showing the Henxmen, is illustrated above.

The Role of the Henxmen
The Riding from the Tower provides a good example of the Henxmen's ceremonial duties on public occasions. 

The Henxmen appear to have been introduced to enhance the monarch's security and grandeur during royal processions, and they became closely associated with The Riding from the Tower.  Their central ceremonial role seems to have been to ensure the monarch's stallion was under safe control, despite the noisy crowds and waving flags.  This duty explains the origin of their name, which is a compound of Old English 'hengst' + 'man', meaning 'stallion man'.

The Riding from the Tower continued to be part of every coronation ceremony (for monarchs and their spouses too) for nearly 300 years.  It is known to have taken place before the crownings of the following monarchs: Edward I (1274), Edward II (1308), Edward III (1327), Richard II (1377), Henry IV (1399), Henry V (1413), Henry VI (1429), Edward IV (1461), Richard III (1483), Henry VII (1485), Henry VIII (1509), Edward VI (1547), Mary I (1553), and Elizabeth I (1559).

James I (1603) was the first monarch to omit the ceremony of The Riding from the Tower, because of the plague then rife in London, and Charles I (1625/6) travelled by water for reasons of health and cost.  Charles II (1661) subsequently revived the practice, but this was to be the last occasion that the Riding from the Tower took place.

The Henxmen are known to have existed from circa 1345, so their first Riding from the Tower was at the coronation of Richard II in 1377.  In all, they appear to have participated in a total of 11 Ridings from the Tower, to that of Elizabeth I in 1559.  This latter, the penultimate Riding from the Tower to ever occur, was also the last to include Henxmen - as their post in the Royal Household was abolished during Elizabeth's reign in 1565.

The Riding from the Tower plays an important part in the history of the Henxmen.  (more text to be added)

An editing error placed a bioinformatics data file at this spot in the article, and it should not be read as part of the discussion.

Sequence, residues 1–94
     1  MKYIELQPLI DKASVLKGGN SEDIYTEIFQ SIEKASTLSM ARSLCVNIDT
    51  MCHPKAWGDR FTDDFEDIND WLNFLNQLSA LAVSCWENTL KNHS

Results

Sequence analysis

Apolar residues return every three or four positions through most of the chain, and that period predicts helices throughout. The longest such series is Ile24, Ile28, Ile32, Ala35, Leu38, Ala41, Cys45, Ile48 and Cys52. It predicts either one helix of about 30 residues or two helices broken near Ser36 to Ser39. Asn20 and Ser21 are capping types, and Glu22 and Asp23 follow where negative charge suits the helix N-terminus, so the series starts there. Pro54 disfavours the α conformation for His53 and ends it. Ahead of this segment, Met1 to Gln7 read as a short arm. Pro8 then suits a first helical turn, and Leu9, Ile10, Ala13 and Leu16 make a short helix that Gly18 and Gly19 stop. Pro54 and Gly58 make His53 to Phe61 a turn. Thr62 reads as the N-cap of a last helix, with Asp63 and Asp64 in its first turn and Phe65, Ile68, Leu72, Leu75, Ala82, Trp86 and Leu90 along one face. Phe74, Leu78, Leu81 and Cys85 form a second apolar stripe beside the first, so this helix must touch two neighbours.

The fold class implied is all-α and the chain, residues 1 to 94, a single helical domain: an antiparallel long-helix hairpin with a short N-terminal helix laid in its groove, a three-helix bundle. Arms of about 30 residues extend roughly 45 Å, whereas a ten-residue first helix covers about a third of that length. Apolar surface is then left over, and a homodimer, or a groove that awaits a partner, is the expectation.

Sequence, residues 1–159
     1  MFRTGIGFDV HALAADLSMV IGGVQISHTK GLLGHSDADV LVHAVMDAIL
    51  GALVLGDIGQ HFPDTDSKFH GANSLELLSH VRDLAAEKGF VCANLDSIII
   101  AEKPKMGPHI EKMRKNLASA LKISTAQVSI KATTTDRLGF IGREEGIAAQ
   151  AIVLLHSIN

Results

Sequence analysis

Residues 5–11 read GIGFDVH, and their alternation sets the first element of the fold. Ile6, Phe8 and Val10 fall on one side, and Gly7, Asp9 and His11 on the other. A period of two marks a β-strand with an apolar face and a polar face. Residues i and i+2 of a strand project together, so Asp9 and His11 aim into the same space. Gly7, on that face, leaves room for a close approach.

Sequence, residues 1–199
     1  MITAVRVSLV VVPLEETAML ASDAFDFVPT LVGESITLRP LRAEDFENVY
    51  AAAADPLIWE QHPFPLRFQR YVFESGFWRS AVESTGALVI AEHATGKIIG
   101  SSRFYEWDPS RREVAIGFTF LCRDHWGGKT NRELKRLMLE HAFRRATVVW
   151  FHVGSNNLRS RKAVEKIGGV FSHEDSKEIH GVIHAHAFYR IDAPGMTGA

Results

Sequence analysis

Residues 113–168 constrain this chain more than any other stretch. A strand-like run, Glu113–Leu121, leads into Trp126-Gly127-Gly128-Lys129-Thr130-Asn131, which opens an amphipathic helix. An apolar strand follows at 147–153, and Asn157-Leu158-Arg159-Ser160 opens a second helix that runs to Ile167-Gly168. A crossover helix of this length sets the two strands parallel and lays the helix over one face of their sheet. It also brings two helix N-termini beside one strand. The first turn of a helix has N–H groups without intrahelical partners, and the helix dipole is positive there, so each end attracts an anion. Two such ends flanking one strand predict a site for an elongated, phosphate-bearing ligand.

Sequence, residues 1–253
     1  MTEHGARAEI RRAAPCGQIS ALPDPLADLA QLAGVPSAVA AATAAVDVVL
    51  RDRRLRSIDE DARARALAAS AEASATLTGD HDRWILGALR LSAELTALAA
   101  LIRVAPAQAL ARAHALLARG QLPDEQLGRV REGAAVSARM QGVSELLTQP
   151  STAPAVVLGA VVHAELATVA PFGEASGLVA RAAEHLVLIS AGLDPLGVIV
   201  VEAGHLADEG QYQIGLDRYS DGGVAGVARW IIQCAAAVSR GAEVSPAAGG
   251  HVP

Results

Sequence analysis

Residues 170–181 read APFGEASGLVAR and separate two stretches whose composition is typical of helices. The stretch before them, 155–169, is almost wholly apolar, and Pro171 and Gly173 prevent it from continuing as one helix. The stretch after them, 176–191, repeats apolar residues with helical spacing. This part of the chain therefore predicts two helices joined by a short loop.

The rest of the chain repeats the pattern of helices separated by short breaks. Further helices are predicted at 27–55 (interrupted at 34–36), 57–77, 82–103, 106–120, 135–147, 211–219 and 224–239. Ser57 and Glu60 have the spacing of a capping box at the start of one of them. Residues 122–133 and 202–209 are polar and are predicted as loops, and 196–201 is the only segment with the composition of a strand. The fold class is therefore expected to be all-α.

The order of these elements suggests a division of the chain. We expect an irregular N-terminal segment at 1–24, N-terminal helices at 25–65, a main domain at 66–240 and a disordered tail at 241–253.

• Anonymous author.  1377.  Minutes of the Court of Claims.  Close Roll.  1 Richard II.  Membrane 45.  Public Record Office.  London, England.
  • Leopold G. Wickham LEGG.  1901.  English Coronation Records.  Archibald Constable & Co.  Whitehall Gardens, Westminster, England.  Page 81.
  • Marc MORRIS.  2009.  A Great and Terrible King: Edward I and the Forging of Britain.  Windmill Books.  London, England.  Pages 111-112.
  • Roy STRONG.  2005.  Coronation: A History of Kingship and the British Monarchy.  London, England.  Page 133.
This page also draws on content from a range of other original sources, which for the sake of simplicity are not listed here.  However, all of them are in the process of being published in detail on a companion website, Henxmen Sources.

Next . . .
  • Click on Henxmen Names to discover what we know about the personal identities of the Henxmen down the ages.
  • Click on Best of Henxmen to learn about Edward Henxman, who is believed to have participated in the 1547 Riding from the Tower (pictured above).
Webpage version 2018.2.  First version 2015.
Webpage c
opyright © Richard HINXMAN, 2015.
The Riding from the Tower on
19 Feb 1546/47, prior to the Coronation of Edward VI, passing the Westcheap Cross in London
The scene depicted is the centre of a 4-hour procession, shown here passing the Eleanor Cross in Westcheap (now Cheapside), London, England.  Five of the six armed Henxmen can be seen just to the left of the Cross, walking beside the King (who is mounted on the white stallion, under the canopy). 

Original:  Detail from a monochrome copperplate engraving.  Unattributed.  Cheapside Cross (as it appeared in the Year 1547) With part of the procession of Edw. VI to his Coronation at Westminster.  Engraving published 01 Jan 1809 by William HERBERT (Lambeth) & Robert WILKINSON (58 Cornhill), London, England. 

Also published in: 
Theatrum Ilustrata Graphic And Historic Memorials, Ancient Playhouses, Modern Theatres, Other Places Of Public Amusement In The Cities And Suburbs Of London & Westminister With Scenic And Incidental Ilustrations From The Time Of Shakspear To The Present Period.  Editor Robert WILKINSON.  First published 1825.  This engraving is from the second edition, 1834.  London,
England.  Collection of Richard HINXMAN.  Public domain.  See Terms of Use.

This 1809 engraving was copied from part of a much larger 1787 engraving, itself copied from an original 16th century mural at Cowdray Castle, Sussex (now destroyed).